Sunday, December 4, 2011

Maison Lesage

Francois Lesage, 1929-2011

An illustrious career came to an end on December 1, 2011 with the death of M. Francois Lesage.  Born into the world on haute couture it was only natural that he would devote his life's work to a passion that he had inherited from his forefathers.  He once stated that he knew that there would only be one career in his life for he had been born amongst the embroidery threads and beads of the atelier.  

The Lesage family can trace their association with the craft of embroidery back to the court of Napoleon III and perhaps earlier than that.  Michonet et Lesage began as furnishers to the Emperor and his consort Eugenie, a great patron of the house of Worth.  It was Michonet, who at this time, we can associate with the field of embroidery.  Throughout the last half of the nineteenth century the family and firm appear to be connected to the developing couture business as embroiderers, textile merchants and modelistes.

In 1924, Albert Lesage and his wife, a modeliste for Vionnet, establish the Maison Lesage and begin to develop the patronage of designers Paul Poiret, Jeanne Paquin and most importantly Elsa Schiaparelli.


It was the Italian designer Schiaparelli who provide the firm with its most daring creations.  Her association with the surrealist artists Jean Cocteau, Salvatore Dali and Leonor Fini, along with photographer Man Ray, influenced the designers collections throughout the late 1930's.  Elsa organized her collections into themes such as, "Pagan 1937";  "Zodiac", "Paris" and "Circus" in 1938 and "Music" in 1939.
detail, "Circus" 1938
In the above example, notice the influence of Jean Cocteau in the embroidered vase detail created by the two profiles.  This was created in simple chain stitch, by using a tambour needle.  The ribbon roses demonstrate the increasing relief of applied decoration.  This will be the forerunner of the great incrusted effects of the Maison Lesage's latter works in the 1950's and '60's.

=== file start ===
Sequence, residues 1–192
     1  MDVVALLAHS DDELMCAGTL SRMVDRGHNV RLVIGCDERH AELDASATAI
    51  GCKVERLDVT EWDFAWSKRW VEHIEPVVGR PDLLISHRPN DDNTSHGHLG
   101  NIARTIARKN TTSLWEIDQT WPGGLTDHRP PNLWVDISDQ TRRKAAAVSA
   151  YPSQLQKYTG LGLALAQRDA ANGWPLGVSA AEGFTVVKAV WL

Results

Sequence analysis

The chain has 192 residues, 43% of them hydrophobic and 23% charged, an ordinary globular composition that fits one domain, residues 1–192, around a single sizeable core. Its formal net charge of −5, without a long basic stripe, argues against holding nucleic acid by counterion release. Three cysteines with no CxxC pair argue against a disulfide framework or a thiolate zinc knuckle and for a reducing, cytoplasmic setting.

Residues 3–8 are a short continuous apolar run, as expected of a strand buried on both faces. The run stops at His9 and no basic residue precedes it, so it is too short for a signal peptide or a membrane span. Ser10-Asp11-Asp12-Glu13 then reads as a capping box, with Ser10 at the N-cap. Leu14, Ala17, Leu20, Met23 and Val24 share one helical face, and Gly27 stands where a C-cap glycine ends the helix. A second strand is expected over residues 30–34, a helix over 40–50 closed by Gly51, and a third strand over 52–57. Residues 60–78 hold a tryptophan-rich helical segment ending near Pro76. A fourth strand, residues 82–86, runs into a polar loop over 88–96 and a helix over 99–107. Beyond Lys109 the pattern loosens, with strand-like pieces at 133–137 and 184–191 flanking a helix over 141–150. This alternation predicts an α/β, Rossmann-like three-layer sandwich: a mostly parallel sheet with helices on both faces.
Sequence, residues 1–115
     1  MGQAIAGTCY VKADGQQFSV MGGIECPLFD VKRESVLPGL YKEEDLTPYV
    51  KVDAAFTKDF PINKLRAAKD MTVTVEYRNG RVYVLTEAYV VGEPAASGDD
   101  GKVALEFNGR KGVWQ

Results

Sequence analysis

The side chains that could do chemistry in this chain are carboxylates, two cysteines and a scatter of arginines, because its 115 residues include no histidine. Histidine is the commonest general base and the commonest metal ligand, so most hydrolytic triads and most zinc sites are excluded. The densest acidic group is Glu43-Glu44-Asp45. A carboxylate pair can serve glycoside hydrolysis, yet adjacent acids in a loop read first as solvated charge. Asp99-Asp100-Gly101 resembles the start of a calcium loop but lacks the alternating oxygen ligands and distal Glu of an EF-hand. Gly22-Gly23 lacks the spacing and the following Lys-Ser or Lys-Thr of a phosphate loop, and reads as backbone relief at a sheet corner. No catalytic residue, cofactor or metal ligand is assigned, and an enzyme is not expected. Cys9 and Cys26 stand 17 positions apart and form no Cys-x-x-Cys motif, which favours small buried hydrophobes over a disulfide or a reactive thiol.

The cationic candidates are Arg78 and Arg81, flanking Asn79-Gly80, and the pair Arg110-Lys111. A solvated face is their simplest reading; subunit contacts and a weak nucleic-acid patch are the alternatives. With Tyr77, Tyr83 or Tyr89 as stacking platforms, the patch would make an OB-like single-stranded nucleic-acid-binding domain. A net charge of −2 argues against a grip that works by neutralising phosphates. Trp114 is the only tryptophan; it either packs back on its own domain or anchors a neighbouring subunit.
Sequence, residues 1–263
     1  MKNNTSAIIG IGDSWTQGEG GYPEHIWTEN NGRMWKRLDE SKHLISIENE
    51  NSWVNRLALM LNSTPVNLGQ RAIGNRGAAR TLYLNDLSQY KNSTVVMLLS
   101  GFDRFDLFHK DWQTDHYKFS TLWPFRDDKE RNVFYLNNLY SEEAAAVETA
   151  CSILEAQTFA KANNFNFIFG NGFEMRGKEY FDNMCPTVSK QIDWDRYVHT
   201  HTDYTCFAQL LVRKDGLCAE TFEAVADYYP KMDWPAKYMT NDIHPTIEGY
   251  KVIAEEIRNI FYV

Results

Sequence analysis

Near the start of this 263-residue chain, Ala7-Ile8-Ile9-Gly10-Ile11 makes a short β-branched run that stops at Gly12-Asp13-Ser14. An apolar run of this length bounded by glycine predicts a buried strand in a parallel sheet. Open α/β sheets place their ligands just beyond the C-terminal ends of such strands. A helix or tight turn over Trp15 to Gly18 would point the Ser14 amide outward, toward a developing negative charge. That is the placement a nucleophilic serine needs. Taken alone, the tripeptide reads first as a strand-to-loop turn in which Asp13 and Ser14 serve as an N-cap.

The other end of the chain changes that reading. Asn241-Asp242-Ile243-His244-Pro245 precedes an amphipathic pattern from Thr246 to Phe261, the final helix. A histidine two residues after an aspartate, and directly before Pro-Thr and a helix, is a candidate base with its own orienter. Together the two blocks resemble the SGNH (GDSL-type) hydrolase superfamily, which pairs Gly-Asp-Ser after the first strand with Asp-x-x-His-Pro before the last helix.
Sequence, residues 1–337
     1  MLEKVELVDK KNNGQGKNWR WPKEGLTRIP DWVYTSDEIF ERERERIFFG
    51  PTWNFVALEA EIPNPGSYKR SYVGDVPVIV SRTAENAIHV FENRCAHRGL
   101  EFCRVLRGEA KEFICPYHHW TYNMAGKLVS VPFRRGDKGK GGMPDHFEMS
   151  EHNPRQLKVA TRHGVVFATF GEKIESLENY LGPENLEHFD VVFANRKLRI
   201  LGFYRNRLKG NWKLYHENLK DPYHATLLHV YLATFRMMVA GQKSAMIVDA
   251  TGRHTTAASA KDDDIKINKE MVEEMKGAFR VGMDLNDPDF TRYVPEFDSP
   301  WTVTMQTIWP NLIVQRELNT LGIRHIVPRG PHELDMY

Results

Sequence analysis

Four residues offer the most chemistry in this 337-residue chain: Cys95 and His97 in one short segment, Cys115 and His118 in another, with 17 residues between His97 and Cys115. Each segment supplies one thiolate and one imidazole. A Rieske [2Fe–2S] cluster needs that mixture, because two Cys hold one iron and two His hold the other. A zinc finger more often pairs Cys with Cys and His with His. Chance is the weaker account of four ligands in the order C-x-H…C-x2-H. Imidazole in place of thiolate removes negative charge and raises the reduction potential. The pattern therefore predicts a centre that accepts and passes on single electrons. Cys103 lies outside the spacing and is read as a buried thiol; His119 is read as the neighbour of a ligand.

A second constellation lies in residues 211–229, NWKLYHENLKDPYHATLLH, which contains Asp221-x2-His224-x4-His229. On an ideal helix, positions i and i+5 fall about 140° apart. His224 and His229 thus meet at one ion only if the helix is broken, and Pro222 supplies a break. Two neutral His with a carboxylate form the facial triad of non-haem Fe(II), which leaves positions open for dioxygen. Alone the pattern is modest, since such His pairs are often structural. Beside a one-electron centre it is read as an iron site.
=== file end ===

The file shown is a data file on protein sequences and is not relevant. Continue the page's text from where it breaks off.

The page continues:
"Music" 1939
The white silk organza dress (above) from the "Music" collection of 1939 was embroidered in polychromed metallic threads and foil embroidery.  The belt buckle is actually a working music box!
Matching evening gloves

Evening Cape, 1938
This evening cape created specifically for Lady Mendl demonstrates the successful marriage of client, designer and technician.  Responding to Lady Mendl's interest in the 18th century and her propensity for theatrical design, Schiaparelli reinterprets the Neptune fountain in the park of Versailles into the more contemporary machine aesthetic of the international style.  The embroiderers at Maison Lesage employ platinum coloured sequins and threads against the black velvet ground of the cape with a touch of gold to capture the ormolu figures of the baroque fountain.

Evening ensembles, 1937
The evening ensembles consisting of embroidered jackets over plain skirts rely heavily on the techniques of the 18th century.  Once again, Lesage and his client work together to infuse a contemporary feeling, thus avoiding the possibility of creating a "costume".  Notice the buttons.  Wider shoulders and interesting buttons are the characteristics of Elsa's work at this time.
Embroidery detail
It is not an over statement to say that Schiaparelli sought out and preserved many centuries old embroidery techniques that might otherwise have been lost.  Through her patronage, firms like Maison Lesage were able to employ the finest of craftspeople to create the 17th and 18th century technique shown below.  Using a wide metal strip,(think of the Christmas tree tinsel of our youth), called, Lama, over thick pads of cotton wool, the work is raised above the ground providing a sculptural quality to the design.  This metal strip is quite sharp and great care must be taken not to damage the base cloth or twist  and tear the strip.